“On April 8 I lost my dad to cancer. Just a month before, I watched as he walked up the hospital hallway by himself, achieving a goal he had been working towards with his physio team since his last surgery. It seemed impossible to most of us but he was always determined to get better.
My dad lived with cancer for 13 years. There were many years where we thought to ourselves, ‘This is it. This is the last Father’s Day, this is the last Christmas’ but he always made it through.
He had been fortunate that he qualified for many different medical trials throughout his illness. Every medication that came around, he would give it a go – no matter what. It was always something new, like a magic trick the researchers would pull out of a hat to give him more time.
I am so thankful for cancer researchers. Their dedication to progress provided some of the newer treatments that not only gave him more time but improved his quality of life.
This meant so much to him because it let him keep doing the things he loved, like travelling and spending time with his family. He was also able to keep working for the Fire Brigade. Everyone who knew my dad knew about his passion for his career, I feel like it was one of the things that kept him going.
Following in his father’s footsteps, he first began as a volunteer firefighter and worked hard to earn a full time position as a fire investigator. He worked right up until the very end.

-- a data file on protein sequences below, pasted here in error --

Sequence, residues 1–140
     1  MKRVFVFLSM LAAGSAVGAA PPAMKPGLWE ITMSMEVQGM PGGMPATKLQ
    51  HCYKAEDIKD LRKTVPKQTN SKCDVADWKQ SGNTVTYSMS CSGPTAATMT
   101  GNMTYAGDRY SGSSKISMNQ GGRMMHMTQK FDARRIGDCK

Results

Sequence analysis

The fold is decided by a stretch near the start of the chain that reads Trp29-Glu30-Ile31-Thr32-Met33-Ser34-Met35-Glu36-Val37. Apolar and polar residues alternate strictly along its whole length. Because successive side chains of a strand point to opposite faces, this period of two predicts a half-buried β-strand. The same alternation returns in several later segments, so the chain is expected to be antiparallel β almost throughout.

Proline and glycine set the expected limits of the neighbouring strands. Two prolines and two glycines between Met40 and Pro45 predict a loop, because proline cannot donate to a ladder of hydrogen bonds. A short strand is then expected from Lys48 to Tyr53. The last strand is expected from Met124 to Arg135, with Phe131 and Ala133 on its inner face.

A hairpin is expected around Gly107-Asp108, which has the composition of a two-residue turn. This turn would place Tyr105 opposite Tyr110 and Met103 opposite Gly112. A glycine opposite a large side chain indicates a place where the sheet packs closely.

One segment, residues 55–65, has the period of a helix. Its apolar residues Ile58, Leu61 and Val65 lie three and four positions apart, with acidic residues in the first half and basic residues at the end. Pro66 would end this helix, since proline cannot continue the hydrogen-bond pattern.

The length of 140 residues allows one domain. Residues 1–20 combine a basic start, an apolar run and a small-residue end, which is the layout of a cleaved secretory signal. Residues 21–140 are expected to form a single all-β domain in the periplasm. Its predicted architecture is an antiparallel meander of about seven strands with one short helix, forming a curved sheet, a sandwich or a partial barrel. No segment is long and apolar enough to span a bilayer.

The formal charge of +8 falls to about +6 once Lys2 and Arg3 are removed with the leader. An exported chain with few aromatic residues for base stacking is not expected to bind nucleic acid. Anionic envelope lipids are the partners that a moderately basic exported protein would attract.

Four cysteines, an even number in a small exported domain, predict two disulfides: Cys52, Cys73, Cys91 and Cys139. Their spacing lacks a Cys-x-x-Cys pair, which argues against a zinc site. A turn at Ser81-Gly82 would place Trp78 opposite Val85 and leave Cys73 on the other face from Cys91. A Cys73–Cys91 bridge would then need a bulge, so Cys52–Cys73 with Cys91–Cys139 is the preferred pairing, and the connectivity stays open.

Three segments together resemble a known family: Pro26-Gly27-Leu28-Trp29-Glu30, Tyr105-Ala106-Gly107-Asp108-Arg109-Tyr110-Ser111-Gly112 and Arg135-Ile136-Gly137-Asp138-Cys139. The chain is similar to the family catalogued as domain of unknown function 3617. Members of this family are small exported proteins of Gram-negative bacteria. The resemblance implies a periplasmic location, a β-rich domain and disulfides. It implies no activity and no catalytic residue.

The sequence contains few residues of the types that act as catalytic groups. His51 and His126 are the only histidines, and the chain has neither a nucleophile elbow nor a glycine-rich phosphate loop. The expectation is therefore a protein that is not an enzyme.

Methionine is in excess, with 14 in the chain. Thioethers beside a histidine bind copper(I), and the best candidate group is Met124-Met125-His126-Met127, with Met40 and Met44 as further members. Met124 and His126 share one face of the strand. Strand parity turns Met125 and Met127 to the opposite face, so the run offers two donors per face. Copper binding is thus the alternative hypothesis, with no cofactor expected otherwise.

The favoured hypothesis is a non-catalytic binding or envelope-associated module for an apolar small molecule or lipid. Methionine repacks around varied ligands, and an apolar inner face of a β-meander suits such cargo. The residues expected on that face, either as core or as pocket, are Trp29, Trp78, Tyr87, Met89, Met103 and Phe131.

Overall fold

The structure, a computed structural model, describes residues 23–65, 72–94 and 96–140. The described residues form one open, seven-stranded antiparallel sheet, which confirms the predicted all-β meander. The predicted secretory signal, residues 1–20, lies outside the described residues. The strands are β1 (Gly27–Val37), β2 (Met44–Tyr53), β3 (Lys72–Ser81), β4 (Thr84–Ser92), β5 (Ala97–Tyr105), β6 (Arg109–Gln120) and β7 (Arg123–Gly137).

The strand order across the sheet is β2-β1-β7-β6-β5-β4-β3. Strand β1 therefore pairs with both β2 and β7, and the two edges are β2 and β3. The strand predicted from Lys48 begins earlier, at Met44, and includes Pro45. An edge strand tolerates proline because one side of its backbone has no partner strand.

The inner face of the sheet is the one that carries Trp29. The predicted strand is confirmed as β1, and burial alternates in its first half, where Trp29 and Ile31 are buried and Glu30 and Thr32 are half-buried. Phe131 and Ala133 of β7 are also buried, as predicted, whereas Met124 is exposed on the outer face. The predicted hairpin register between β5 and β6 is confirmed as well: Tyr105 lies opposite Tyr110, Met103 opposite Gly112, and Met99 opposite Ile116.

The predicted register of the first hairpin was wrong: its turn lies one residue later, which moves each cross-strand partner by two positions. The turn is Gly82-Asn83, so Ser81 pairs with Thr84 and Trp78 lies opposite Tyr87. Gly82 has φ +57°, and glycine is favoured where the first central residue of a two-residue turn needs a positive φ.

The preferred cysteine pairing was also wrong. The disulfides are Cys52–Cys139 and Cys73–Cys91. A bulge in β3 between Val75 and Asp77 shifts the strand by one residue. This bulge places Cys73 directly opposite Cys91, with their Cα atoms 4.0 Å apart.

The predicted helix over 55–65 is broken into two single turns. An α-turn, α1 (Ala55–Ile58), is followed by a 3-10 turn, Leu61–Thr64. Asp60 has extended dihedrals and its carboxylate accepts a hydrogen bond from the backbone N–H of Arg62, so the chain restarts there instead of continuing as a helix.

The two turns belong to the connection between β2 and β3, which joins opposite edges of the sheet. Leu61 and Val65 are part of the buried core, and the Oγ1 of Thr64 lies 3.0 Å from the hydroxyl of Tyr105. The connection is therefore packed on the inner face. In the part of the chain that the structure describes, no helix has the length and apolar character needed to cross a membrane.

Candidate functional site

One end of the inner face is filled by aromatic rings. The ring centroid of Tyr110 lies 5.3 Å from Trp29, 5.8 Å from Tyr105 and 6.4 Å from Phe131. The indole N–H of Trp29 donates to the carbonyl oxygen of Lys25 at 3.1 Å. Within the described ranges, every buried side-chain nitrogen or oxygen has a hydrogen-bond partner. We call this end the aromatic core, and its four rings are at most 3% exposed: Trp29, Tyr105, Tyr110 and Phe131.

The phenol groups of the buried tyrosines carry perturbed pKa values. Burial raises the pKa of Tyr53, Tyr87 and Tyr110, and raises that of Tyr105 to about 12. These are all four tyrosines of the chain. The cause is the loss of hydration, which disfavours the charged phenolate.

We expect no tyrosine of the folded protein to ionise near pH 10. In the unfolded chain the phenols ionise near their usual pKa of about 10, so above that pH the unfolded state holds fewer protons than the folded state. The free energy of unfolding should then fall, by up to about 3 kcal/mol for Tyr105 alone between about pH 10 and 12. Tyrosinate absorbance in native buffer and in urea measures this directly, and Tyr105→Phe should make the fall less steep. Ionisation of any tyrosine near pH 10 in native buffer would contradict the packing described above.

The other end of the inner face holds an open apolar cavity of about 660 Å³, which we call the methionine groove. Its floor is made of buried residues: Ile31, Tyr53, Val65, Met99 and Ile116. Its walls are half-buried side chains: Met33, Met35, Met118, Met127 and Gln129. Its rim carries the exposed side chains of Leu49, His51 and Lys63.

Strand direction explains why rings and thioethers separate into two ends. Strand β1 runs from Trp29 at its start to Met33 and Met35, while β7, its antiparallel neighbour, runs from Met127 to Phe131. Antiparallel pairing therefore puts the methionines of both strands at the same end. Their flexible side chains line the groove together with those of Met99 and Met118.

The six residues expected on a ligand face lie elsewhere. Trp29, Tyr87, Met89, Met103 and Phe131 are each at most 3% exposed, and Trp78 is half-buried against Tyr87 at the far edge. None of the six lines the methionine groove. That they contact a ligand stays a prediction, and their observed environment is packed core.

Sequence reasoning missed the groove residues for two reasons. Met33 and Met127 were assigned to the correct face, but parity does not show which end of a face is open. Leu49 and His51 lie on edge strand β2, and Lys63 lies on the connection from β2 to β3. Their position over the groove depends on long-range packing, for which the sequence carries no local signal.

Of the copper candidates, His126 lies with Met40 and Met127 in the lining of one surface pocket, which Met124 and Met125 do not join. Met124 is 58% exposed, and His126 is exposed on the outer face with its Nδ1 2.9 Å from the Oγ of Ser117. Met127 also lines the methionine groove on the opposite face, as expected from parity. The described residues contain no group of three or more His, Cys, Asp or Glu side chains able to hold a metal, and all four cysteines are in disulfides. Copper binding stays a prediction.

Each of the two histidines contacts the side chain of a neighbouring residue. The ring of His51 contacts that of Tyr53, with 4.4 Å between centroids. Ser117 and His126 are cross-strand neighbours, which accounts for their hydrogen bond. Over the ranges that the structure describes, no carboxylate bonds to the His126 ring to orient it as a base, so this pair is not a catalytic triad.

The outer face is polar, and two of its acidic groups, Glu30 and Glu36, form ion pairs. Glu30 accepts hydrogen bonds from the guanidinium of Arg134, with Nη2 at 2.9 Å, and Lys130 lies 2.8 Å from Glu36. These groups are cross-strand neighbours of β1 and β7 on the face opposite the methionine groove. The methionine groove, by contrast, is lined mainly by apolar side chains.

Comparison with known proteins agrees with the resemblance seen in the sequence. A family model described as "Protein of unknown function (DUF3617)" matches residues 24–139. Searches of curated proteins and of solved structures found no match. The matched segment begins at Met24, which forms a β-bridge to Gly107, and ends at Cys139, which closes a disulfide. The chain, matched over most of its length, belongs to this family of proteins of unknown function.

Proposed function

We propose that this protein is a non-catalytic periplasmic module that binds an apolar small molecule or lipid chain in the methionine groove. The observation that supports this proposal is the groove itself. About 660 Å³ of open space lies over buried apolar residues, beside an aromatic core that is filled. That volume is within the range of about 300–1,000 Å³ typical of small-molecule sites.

He was such a fighter, not just as a fireman but in the way he refused to give up.
Dad endured many different cancers over the last 13 years, including bowel, lung and bone. But it was brain cancer that took him in the end. I feel it was the worst for him to go through.
My mum and I were playing all his favourite songs on his last day, dancing around his bed like mad women, he would have loved it. They say that hearing is the last thing to go, so I just know this would have made him happy.
My dad always liked to make sure he thanked people when they helped him. So I wanted to thank cancer researchers on his behalf.
I began supporting Australian Cancer Research Foundation to give other families more time with their loved ones. I know that together we can help researchers improve cancer prevention, detection and treatments for patients.
It is my hope that one day cancer won’t be on anyone’s mind at Christmas.” – ACRF supporter, Jessica Broome
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